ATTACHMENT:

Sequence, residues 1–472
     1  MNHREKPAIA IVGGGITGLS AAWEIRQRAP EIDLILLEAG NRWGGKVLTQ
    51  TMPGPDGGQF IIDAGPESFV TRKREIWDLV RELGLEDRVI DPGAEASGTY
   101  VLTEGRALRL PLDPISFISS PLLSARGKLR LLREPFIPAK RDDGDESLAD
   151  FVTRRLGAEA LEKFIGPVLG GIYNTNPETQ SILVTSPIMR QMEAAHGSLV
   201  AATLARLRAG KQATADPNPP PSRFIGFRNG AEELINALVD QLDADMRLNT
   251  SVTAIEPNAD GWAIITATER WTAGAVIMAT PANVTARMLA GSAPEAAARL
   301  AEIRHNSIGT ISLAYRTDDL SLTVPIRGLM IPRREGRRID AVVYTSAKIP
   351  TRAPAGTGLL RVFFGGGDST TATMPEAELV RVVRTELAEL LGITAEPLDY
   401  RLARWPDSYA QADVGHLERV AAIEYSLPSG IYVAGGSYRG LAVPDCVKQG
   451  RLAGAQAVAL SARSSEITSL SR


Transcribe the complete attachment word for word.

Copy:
Sequence, residues 1–472
     1  MNHREKPAIA IVGGGITGLS AAWEIRQRAP EIDLILLEAG NRWGGKVLTQ
    51  TMPGPDGGQF IIDAGPESFV TRKREIWDLV RELGLEDRVI DPGAEASGTY
   101  VLTEGRALRL PLDPISFISS PLLSARGKLR LLREPFIPAK RDDGDESLAD
   151  FVTRRLGAEA LEKFIGPVLG GIYNTNPETQ SILVTSPIMR QMEAAHGSLV
   201  AATLARLRAG KQATADPNPP PSRFIGFRNG AEELINALVD QLDADMRLNT
   251  SVTAIEPNAD GWAIITATER WTAGAVIMAT PANVTARMLA GSAPEAAARL
   301  AEIRHNSIGT ISLAYRTDDL SLTVPIRGLM IPRREGRRID AVVYTSAKIP
   351  TRAPAGTGLL RVFFGGGDST TATMPEAELV RVVRTELAEL LGITAEPLDY
   401  RLARWPDSYA QADVGHLERV AAIEYSLPSG IYVAGGSYRG LAVPDCVKQG
   451  RLAGAQAVAL SARSSEITSL SR